This article was first published in 2014 on the “OpenScience” blog and has since been updated by the editors. It is part of a series, which serves to provide hands-on information and resources for authors and editors.
When researchers are ready to publish their work, they take particular interest in what steps should be taken to get their work discovered by others. Applying Search Engine Optimization techniques is one of the first things recommended, but other and more basic problems surround the process of getting indexed by popular databases and search engines.
The solution is not obvious since there are a significant number of searching services that are popular among researchers. Tools designed to provide easy to find information on scientific content are usually called Abstracting and Indexing Services, or just A&I. The goal of researchers, who want to gain citations and visibility, is to get their work indexed by as many A&I services as possible. Of course, some of them are more or less important, and this differs among disciplines.
A&I Services such as PubMed and the Directory of Open Access Journals belong to a minority of services that are free for end-users. Most well-known A&I services, like EBSCO and ProQuest, however, can only be searched by their subscribers. The significant exception is Google Scholar (GS), which is probably the most popular academic search engine worldwide and free for all parties.
By Invitation Only
Google Scholar is more inclusive than DOAJ, PubMed, or any paid databases, which can be seen as both an advantage and a disadvantage. Regardless, being indexed by GS should be a priority, even for those who prefer using more selective, paid databases for searching.
As Beel, Gipp and Wilde (following Bert van Heerde) explain in their paper on Academic SEO, Google Scholar is an ‘invitation based search engine’, which means that “Only articles from trusted sources and articles that are ‘invited’ (cited) by articles already indexed are included in the database. ‘Trusted sources,’ in this case, are publishers that cooperate directly with Google Scholar, as well as publishers and Webmasters who have requested that Google Scholar crawl their databases and Web sites.”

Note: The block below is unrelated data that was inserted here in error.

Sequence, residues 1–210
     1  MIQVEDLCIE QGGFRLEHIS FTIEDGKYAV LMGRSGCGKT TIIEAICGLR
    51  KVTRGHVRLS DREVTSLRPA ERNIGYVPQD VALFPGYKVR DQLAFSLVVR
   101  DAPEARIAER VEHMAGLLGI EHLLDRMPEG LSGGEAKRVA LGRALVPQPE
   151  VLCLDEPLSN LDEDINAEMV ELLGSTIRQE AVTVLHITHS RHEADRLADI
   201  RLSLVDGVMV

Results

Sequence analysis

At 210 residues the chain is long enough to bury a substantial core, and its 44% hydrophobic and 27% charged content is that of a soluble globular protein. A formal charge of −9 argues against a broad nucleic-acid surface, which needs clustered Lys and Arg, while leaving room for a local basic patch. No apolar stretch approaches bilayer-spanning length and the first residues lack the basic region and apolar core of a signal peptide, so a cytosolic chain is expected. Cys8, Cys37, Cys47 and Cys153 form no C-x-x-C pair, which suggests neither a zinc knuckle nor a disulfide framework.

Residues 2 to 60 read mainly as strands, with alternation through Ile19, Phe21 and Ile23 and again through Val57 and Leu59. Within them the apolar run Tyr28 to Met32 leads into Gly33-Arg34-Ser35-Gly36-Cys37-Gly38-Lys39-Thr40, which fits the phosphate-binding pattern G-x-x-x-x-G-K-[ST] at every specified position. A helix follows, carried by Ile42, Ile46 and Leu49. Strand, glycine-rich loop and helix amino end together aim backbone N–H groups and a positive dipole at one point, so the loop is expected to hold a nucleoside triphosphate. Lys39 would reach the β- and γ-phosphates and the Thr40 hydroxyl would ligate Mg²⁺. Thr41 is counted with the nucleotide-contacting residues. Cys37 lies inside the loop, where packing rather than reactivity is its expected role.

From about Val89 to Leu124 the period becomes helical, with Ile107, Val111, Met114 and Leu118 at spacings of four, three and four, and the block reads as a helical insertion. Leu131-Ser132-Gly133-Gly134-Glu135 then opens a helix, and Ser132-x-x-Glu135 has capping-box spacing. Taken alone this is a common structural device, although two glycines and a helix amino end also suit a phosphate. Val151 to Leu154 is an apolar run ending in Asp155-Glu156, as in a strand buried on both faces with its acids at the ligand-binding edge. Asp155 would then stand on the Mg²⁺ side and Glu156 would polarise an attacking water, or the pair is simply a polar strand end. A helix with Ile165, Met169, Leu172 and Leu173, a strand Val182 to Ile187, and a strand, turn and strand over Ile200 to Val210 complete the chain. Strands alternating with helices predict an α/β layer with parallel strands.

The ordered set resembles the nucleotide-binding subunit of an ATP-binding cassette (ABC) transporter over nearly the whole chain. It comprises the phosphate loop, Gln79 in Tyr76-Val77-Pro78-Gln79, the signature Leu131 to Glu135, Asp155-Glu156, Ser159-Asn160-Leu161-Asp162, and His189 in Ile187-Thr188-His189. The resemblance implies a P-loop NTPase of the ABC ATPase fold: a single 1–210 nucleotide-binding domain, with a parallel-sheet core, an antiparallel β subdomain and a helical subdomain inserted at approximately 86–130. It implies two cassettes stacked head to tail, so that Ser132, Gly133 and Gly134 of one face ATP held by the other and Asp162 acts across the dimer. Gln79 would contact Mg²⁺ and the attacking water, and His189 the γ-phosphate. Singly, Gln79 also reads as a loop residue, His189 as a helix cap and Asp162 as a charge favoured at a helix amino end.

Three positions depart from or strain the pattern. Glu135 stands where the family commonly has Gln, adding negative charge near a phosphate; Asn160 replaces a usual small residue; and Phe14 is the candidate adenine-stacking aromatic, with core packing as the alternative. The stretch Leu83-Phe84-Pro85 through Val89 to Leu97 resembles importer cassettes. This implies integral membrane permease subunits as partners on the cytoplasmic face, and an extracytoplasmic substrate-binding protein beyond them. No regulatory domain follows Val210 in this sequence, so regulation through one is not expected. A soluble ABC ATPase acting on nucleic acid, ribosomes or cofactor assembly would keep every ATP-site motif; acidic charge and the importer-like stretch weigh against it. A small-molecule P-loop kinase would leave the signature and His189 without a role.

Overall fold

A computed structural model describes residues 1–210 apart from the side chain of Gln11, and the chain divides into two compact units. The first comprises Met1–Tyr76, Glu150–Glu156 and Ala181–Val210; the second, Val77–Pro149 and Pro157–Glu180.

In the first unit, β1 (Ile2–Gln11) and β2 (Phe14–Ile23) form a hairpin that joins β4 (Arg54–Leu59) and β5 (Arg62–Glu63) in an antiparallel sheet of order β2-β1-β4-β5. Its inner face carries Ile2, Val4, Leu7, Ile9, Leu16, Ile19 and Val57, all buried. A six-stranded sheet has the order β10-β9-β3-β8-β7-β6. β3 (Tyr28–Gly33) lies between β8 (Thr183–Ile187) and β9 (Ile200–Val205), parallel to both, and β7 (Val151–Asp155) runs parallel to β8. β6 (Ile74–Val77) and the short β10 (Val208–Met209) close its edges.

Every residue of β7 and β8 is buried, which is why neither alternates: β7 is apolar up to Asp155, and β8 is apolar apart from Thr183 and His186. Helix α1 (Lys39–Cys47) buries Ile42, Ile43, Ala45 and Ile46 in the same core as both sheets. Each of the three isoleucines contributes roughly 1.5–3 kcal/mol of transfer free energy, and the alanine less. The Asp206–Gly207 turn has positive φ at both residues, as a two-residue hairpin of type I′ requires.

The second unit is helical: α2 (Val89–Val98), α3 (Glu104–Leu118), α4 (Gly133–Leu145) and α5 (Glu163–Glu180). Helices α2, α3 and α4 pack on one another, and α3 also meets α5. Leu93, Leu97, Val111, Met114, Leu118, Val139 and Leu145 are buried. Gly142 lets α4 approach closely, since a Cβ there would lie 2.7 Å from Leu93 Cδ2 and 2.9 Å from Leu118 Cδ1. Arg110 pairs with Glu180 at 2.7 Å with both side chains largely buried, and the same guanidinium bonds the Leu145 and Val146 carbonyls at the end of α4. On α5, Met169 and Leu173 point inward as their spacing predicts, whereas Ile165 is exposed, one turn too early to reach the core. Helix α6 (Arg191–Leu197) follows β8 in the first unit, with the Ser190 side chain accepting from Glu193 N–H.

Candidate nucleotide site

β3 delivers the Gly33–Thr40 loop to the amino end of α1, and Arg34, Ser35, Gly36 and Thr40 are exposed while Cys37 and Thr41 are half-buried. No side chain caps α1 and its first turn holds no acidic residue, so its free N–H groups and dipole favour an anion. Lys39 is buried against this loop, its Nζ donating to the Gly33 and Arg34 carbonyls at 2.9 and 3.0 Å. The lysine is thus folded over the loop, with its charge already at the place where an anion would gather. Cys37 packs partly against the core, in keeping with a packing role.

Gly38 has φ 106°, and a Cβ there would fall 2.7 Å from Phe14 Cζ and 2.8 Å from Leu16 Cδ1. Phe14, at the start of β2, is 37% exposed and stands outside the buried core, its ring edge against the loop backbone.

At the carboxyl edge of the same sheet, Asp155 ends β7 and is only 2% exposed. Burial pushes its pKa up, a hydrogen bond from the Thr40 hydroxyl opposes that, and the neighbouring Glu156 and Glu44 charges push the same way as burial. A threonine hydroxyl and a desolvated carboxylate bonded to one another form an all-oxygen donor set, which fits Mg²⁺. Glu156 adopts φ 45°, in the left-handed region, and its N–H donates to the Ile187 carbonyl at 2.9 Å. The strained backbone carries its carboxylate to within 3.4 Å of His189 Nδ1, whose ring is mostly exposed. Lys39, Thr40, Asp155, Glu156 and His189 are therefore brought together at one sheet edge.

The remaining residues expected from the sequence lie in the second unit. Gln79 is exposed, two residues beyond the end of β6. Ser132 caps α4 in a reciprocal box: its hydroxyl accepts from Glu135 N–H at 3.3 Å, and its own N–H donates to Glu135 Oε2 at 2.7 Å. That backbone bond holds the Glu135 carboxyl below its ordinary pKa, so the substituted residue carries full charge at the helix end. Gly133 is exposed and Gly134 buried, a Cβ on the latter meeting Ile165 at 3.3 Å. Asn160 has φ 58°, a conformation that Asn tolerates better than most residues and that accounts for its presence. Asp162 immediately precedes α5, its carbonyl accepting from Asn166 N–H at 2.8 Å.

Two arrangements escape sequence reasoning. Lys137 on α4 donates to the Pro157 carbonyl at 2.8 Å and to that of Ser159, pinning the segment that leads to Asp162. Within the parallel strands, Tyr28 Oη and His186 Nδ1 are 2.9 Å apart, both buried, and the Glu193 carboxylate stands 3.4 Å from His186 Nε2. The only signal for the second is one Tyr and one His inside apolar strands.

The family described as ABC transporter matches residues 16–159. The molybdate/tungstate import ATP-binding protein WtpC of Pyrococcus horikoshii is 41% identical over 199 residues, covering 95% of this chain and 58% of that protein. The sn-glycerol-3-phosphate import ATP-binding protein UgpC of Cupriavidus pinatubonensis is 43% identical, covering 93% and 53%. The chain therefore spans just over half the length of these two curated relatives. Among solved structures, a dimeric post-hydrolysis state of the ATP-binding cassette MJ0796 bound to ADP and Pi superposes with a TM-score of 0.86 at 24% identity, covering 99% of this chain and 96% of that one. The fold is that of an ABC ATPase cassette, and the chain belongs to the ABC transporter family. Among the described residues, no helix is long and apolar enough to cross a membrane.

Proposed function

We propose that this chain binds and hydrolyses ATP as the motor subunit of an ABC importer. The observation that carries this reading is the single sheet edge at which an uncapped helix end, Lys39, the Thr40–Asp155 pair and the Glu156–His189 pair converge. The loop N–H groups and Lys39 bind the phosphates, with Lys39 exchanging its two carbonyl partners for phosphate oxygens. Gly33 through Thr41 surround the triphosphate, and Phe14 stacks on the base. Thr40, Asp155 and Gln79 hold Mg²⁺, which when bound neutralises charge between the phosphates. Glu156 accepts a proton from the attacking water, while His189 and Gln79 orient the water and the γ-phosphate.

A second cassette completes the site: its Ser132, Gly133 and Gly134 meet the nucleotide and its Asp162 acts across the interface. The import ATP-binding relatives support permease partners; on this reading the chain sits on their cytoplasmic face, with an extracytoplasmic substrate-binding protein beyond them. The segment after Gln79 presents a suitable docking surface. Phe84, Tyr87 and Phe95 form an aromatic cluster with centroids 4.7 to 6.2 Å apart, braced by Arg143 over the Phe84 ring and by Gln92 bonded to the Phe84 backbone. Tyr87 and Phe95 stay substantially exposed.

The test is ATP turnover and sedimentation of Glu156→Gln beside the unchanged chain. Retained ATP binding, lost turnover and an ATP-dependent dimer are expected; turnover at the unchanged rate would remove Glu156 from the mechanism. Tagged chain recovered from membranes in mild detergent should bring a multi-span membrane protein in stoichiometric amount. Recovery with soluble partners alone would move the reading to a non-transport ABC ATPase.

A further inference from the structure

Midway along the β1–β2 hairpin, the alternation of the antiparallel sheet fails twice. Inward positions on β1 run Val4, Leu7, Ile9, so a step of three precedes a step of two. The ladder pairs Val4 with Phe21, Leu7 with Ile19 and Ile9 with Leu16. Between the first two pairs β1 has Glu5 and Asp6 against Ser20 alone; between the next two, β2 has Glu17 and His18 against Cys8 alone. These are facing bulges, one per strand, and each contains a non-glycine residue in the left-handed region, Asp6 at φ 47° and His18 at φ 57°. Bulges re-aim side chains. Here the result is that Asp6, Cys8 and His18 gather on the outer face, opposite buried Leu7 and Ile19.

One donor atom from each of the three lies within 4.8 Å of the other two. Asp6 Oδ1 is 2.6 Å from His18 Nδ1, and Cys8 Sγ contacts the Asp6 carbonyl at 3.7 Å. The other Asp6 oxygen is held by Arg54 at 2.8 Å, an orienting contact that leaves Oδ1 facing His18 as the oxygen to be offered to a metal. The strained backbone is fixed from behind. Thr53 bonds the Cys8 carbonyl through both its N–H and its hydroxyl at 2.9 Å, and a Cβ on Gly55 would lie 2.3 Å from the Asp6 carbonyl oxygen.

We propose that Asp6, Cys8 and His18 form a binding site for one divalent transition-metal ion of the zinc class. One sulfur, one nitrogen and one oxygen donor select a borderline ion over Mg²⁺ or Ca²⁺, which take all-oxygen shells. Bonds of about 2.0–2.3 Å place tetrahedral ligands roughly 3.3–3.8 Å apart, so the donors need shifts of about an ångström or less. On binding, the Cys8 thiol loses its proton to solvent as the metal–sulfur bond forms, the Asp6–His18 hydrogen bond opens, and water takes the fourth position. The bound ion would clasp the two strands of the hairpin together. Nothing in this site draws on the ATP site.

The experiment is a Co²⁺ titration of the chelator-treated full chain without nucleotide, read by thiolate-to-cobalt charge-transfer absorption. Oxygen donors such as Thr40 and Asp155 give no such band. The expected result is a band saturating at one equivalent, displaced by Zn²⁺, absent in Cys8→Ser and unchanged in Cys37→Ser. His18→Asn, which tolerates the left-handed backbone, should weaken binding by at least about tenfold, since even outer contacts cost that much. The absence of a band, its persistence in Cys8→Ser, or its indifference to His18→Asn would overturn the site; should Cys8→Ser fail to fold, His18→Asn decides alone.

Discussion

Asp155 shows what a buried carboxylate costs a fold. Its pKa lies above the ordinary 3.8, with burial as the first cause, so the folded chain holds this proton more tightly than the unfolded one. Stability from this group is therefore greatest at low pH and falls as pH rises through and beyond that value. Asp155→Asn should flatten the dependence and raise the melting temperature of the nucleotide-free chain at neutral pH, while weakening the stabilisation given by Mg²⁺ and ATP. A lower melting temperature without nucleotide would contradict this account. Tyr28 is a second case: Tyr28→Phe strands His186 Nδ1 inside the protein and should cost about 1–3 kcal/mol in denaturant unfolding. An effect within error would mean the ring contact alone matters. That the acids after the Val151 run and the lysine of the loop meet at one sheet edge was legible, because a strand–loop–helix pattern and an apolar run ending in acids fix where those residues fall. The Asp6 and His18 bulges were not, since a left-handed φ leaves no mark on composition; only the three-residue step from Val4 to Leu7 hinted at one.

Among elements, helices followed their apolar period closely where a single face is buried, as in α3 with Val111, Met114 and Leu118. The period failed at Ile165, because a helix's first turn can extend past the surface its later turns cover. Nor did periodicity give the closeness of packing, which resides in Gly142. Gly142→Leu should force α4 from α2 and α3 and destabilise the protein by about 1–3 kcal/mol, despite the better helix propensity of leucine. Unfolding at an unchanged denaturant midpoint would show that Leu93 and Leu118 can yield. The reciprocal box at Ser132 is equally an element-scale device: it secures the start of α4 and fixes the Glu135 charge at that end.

Unfortunately, Google Scholar does not publish a list of “trusted sources”. You can send a request to ask Google to index your personal website as “trusted” (if Google decides you are a “scientist” then your personal website will be crawled).
When GS recognizes a website as being “scientific” it searches it for documents including sections such as references or bibliographies, and treats all of them as “scientific content”. This can sometimes lead to confusing results. For university websites, for instance, crawled as “trusted”, GS will index course descriptions and other materials for students, as well as blog entries if they are posted in the university’s domain. On the other hand, it seems that GS does not index Academia.edu.
However, non-scientific content cited in academic works is indexed by GS (historians, cultural anthropologists, sociologists, and other researchers in humanities often treat popular writings as research materials and cite them in their work, Google Scholar then may treat their material as scientific). This is why searching via GS may sometimes bring surprising results.
Getting the Word Out
To conclude, what should you do to get your work indexed by Google Scholar? If you are a book author, a good way is to send your book to Google Books. Google Scholar treats Google Books as a “trusted source”, so if your book contains references or a bibliography section, Google should treat it as “scientific” and display it in Scholar search results. Do not forget to include a link to the full-text pdf in your book description.
If you are about to publish a paper, you should submit it to a repository that is indexed by Google Scholar (the one provided by your institution is probably good enough, as well as the most popular repository in your field, but check it by searching its content in Google Scholar). In any case, the easiest way is for you to publish your work with a publisher that cooperates with Google Scholar directly. Information about this and other Abstracting & Indexing Services provided by the publisher should be posted on the company’s website.
Being indexed is just the beginning of your adventure with search engines, and it is much easier than improving your position on result pages. Bear in mind SEO guidelines, but remember that the crucial point is citations. That is why you should consider to go Open Access and take some time to choose well-recognized places to publish, as well as to promote your research among colleagues. After all, the quality of your work should be your primary concern.
See also Google Scholar’s Inclusion Guidelines for Webmasters.
[Title Image by Mitchell Luo via Unsplash]